She didn't know why, but something about them was fishy. This lot was whispering excitedly, too, and she couldn't see a single collecting tin. It was on his way back past them, clutching a ham in a bag, that she caught a few words of what they were saying.

"The Potters! That's right, that's what I heard-"

"-Yes, their son, Harry!"

Shantae stopped dead. Curiosity flooded her. She looked back at the whisperers as if she wanted to ask something to them, but thought better of it.

She dashed across the road, hurried to the bathhouse, asked the owner if she could use the telephone, seized it, and had almost finished dialing her uncle's workshop number when she changed her mind. She put the receiver back down and stroked her hair, thinking, wait a minute... Harry may be an unusual name, but not too uncommon. She was sure there were lots of people called Potter who had a son called Harry. Come to think of it, she wasn't sure she knew any child in Scuttle Town called Harry. She'd never seen the boy. It might've been Harvey. Or Harold. But all the same, those people in cloaks…

She was able to drown the uncertainty with the much-needed relaxation at the bathhouse that afternoon, but when she left the building at five o'clock, she walked straight into someone just outside the door.

"Sorry," she said, as the tiny old man stumbled and almost fell, and she managed to help him. It was a few seconds before Shantae realized that the man was wearing a violet turban. He didn't seem upset at being almost knocked to the ground. On the contrary, his face split into a wide smile and he said in a squeaky voice that caused passers-by to stare: "Don't be sorry, my dear lady, for nothing, can upset me today! Rejoice, for You-Know-Who has gone at last! Even Half-Genies like yourself should be celebrating this happy, happy day!"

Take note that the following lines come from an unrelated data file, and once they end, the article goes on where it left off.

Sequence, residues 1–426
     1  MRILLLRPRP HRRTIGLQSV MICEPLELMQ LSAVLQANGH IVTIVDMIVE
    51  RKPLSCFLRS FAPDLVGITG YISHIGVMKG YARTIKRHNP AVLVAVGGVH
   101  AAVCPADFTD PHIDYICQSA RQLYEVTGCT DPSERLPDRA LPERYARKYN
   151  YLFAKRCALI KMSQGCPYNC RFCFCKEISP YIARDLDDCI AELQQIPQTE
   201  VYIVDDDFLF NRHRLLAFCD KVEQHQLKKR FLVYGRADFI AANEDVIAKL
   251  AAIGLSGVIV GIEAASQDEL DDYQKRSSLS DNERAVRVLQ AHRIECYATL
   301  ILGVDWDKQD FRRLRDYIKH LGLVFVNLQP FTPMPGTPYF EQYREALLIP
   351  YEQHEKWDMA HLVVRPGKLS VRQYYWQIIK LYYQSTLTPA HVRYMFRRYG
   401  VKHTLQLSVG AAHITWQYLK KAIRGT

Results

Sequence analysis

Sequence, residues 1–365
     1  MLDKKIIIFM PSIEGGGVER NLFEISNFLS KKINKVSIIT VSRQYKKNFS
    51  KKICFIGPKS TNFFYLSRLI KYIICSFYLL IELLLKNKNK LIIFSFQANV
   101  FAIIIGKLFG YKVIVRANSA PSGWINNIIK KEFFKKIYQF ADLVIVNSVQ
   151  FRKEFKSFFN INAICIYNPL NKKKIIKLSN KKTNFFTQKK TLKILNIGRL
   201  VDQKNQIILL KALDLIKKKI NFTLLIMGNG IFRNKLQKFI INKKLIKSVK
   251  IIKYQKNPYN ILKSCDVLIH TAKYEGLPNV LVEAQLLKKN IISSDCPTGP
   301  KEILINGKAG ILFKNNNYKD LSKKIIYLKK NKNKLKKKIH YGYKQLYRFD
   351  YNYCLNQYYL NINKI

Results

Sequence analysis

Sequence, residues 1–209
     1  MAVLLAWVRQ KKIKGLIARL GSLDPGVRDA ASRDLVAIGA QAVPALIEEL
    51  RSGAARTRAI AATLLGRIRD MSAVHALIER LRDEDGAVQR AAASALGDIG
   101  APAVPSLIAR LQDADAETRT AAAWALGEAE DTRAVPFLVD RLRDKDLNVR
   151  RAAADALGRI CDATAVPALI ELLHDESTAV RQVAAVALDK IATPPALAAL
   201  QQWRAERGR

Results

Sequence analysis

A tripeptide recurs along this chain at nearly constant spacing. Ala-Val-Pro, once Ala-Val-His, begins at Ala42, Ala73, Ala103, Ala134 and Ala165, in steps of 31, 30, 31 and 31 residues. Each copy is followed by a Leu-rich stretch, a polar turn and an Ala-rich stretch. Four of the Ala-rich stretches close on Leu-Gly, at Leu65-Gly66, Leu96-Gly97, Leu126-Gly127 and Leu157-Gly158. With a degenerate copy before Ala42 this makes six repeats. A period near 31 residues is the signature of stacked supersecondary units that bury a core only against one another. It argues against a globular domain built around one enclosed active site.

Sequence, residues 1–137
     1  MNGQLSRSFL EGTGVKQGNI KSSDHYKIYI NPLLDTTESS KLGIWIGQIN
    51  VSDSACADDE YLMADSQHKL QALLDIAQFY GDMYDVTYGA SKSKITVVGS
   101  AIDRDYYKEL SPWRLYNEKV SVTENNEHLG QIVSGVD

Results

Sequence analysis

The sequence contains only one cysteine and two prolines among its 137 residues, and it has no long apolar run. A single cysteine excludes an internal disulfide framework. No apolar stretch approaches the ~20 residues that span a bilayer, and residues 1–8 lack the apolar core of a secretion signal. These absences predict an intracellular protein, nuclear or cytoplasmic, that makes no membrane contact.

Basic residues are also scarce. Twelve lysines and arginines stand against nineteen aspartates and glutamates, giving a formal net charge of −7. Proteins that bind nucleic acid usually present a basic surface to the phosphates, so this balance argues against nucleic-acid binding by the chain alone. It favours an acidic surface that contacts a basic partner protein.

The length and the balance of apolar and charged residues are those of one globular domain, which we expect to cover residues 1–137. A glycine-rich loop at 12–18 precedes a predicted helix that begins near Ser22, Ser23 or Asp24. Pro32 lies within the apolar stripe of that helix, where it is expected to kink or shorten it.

The old man hugged Shantae around the middle and walked off.

Shantae smiled as she watched the old man walk away, and she set off to the hatchery, where the birdkeeper, one of her best friends Sky, invited her to get together.

Sky had had a nice, normal day. She told Shantae over dinner all about Rottytops' funny problems with her brain cravings, and how Bolo had learned to fight with a mace that had no chains. After a little girl was given a piece of caramel candy and sent home to bed, Shantae went to her uncle's radio and turned it on in time to catch the last report on the evening news:

"And finally, bird-watchers everywhere have reported that the nation's owls have been behaving very unusually today. Although owls normally hunt at night and are hardly ever seen in daylight, there have been hundreds of sightings of these birds flying in every direction since sunrise. Experts are unable to explain why the owls have suddenly changed their sleeping pattern." The newsreader allowed himself a grin. "Most mysterious. And now, over to Jim McGuffin with the weather. Going to be any more showers of owls tonight, Jim?"

"Well Ted," said the weatherman, "I don't know about that, but it's not only the owls that have been acting oddly today. Viewers as far apart as Hail, Salalah, and Dubai have been phoning in to tell me that instead of the rain I promised yesterday, they've had a downpour of shooting stars! Perhaps people have been celebrating Bonfire Night early - it's not until next week, folks, but I can promise a wet night tonight."

Shantae sat frozen on her stool. Shooting stars all over The Peninsula? Owls flying by daylight? Mysterious people in cloaks all over the place? And a whisper, a whisper about the Potters?

Mimic came into the living room carrying two cups of tea. It was no good, she would have to say something to him. She cleared his throat nervously. "Er - Uncle Mimic - you haven't seen the people and the commotion today, have you?"